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Cape Town - Western Cape Premier Helen Zille has added two women to her provincial Cabinet, announcing her 10-strong team on Wednesday.
The new Cabinet comprises eight MECs from the last term in office, and the two vacancies come after the departure of Agriculture MEC Gerrit van Rensburg to the National Assembly, and Transport and Public Works MEC Robin Carlisle, who has retired.
Five MECs have kept their portfolios, two have new portfolios and one has a changed portfolio.
The latter is that of Alan Winde, former MEC for Finance, Economic Development and Tourism. Winde drops the Finance portfolio, and takes on Agriculture, while retaining the Economic Development portfolio. This, Zille explained, was because agriculture was such a powerful driver of the Western Cape economy that she chose to unite the porfolio with Economic Development for maximum cohesion.
The two newcomers to her Cabinet are Nomafrench Mbombo, incomingMEC for Cultural Affairs and Sport, and Debbie Schafer, incoming MEC for Education.
Introducing the pair, Zille said Professor Mbombo was an academic in the Faculty of Community and Health Sciences at the University of the Western Cape who has focused on maternal and child health.
She would be tasked with pioneering the flagship Mass Opportunity Development Centres for youth across the province, an innovation of the Western Cape government.
Schafer comes to the Western Cape legislature from the National Assembly at Parliament, where she has served since 2009.
Prior to that she was a councillor in the City of Cape Town.
“Before beginning her political career, Ms Schafer practised as an attorney of the Cape High Court for 12 years,” Zille said.
The 10 MECs, and Zille as Premier, will be sworn in by Western Cape High Court Deputy Judge President Jeanette Traverso on Monday.
The ministers retained in the Cabinet are, with explanations from Zille:
1. Minister Theuns Botha – Health
The largest budget in government, which faces enormous pressures in escalating demand for services, due to demographic shifts, piloting new national programmes, reducing the burden of disease, and driving public-private partnerships in health care.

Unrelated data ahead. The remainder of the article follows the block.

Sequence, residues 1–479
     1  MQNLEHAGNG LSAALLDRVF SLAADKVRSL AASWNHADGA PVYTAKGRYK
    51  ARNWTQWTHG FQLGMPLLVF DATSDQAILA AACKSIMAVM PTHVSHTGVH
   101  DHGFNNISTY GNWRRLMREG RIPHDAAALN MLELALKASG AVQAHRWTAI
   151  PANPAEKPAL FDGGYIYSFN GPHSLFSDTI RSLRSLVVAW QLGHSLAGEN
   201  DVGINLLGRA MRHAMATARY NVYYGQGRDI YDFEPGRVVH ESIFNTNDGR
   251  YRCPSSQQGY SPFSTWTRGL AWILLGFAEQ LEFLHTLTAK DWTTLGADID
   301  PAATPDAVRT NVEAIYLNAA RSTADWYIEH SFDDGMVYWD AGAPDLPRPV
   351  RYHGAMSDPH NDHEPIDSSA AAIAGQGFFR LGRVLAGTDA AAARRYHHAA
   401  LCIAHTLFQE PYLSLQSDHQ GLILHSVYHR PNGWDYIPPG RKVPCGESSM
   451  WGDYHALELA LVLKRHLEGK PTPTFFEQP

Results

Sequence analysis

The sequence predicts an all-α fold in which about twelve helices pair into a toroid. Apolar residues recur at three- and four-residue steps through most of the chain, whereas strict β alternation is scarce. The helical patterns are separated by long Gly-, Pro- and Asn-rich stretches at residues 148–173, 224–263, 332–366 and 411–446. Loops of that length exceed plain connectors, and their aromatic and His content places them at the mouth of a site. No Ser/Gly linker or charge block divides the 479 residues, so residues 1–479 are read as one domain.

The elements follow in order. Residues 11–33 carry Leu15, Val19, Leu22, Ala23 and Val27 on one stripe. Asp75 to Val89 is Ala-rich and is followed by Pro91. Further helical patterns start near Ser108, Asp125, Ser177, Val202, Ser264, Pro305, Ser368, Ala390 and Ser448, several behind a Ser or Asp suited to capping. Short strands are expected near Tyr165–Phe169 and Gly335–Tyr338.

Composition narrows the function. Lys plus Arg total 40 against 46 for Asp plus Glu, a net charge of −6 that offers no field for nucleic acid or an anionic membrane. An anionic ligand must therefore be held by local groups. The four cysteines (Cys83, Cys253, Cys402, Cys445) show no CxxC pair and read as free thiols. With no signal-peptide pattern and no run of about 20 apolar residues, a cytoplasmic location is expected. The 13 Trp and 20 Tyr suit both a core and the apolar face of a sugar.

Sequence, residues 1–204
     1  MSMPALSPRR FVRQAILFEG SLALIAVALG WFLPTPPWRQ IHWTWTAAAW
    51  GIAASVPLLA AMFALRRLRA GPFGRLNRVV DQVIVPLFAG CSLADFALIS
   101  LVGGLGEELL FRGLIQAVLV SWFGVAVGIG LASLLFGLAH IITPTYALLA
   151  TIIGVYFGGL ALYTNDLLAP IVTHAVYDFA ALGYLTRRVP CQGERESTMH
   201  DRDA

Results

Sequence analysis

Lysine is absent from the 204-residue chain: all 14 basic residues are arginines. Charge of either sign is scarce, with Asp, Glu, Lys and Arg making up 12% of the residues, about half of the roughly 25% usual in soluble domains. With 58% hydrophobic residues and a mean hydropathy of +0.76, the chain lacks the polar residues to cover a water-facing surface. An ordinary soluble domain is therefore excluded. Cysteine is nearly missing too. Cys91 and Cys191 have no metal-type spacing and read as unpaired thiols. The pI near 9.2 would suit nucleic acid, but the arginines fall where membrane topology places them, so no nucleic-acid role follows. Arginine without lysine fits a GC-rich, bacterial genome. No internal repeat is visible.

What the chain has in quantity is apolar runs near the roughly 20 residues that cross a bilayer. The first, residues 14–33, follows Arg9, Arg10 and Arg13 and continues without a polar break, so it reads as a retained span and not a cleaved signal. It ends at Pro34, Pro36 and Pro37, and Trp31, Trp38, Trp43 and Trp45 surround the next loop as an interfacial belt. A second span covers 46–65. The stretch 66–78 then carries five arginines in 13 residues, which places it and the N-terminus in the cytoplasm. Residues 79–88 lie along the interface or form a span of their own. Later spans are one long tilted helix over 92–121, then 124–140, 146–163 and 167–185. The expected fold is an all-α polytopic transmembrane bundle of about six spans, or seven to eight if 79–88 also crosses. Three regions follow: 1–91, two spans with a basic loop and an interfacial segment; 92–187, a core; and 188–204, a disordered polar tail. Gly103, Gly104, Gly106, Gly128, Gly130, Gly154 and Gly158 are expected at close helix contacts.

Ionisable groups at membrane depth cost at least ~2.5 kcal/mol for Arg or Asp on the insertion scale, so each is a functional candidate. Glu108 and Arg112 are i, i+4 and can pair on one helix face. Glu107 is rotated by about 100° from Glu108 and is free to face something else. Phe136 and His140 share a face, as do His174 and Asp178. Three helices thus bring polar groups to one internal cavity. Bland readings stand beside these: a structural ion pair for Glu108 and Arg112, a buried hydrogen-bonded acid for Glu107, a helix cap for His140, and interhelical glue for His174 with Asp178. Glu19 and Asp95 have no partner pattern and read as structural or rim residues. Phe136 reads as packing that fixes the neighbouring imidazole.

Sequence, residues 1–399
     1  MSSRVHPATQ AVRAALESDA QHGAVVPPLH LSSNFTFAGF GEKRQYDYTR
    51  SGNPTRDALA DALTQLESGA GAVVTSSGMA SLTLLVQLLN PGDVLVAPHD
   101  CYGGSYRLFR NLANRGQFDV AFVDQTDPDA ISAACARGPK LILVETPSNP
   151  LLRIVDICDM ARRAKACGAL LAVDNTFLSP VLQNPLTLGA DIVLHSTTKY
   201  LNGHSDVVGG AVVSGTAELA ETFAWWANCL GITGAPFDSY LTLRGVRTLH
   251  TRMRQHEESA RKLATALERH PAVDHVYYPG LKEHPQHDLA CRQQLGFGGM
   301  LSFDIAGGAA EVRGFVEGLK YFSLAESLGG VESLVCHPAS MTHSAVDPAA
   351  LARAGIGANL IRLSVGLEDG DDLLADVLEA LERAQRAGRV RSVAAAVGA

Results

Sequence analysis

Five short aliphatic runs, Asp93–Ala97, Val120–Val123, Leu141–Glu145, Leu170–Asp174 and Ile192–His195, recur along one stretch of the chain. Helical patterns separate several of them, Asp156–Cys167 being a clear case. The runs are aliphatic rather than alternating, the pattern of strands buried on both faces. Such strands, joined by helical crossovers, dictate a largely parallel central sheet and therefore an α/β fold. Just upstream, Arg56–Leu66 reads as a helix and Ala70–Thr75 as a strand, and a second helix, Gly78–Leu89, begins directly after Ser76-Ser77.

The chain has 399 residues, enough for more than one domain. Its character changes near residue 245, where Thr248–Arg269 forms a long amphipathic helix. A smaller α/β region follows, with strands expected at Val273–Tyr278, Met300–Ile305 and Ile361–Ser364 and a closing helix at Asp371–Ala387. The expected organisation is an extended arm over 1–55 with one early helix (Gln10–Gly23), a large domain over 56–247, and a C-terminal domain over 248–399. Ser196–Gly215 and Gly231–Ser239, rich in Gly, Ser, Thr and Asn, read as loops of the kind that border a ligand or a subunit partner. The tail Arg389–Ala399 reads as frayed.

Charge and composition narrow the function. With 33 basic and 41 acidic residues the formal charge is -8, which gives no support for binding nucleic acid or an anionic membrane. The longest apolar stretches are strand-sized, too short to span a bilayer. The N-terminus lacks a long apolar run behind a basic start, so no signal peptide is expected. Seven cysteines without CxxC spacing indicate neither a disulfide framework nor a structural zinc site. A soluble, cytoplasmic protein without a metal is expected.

2. Minister Anton Bredell - Local Government, Environmental Affairs and Development Planning.
Two critical portfolios: The first to build the capacity of local government to deliver basic services, implement their integrated development plans, and improve their audit outcomes; and the second to balance environmental protection with promoting development that drives economic growth.
3. Albert Fritz – Social Development
This is an interface and service portfolio to our most vulnerable citizens. It runs major projects autonomously (such as places of safety for children and rehabilitation centres for drug addicts, services for people with disabilities, and victims of abuse). It funds and partners NGOs and NPOs to assist in delivering these and a range of other services. For the first time in years this department has achieved stability and can now deepen and broaden its services.
4. Donald Grant – Transport and Public Works (Grant was formerly Education MEC).
Public Works is a critical portfolio for the major developments envisaged in our five year term, from the city regeneration programme, to the Two Rivers Urban Park, to the redevelopment of the Conradie Precinct, District 6, and major provincial infrastructure projects, including roads, schools, hospitals, clinics, and land consolidation for public services. Transport is responsible for facilitating the integration of transport services across the province, the oversight and licensing of the taxi industry, for bringing down the death toll on our roads through the “Safely Home” project, and for the management of Provincial Traffic Police amongst other things as well as co-ordination with the municipal police.
5. Bonginkosi Madikizela – Human Settlements
The most complex portfolio in government from a policy and implementation point of view, requiring depth of understanding, management of complex processes, ongoing conflict resolution, innovation of new delivery methods, mobilisation of alternative sources of finance and resolute leadership.
6. Dr Ivan Meyer – Finance (Meyer was former Cultural Affairs and Sport MEC)
This “backbone” department is responsible for aligning the provincial budget with the provincial strategic plan, as well as the integrated development plans and budgets of local governments. It must oversee the province’s “operation clean audit” programme, and interact with the National Treasury in the management of the Province’s financial affairs.
7. Dan Plato - Community Safety
This is an oversight portfolio with major new challenges including the implementation of the oversight mechanisms of the Community Safety Act, pilot projects of the Safety Lab, and strategies to combat drug and alcohol abuse, including the new Liquor Act. It also requires extensive liaison and partnerships with communities in developing our “whole of society” approach to safety.
8. Alan Winde – Agriculture, Economic Development and Tourism (Winde loses Finance, but takes on Agriculture)
Alan Winde will now lead the Departments of Agriculture and Economic Development and Tourism. In a new innovation, the two departments have to maximize economic growth and job creation potential in the Western Cape. Agriculture and Tourism constitution the backbone of the Western Cape’s economy, with many rapidly developing sectors in ascendancy. Outstanding leadership of these portfolios are essential to maximize job creation.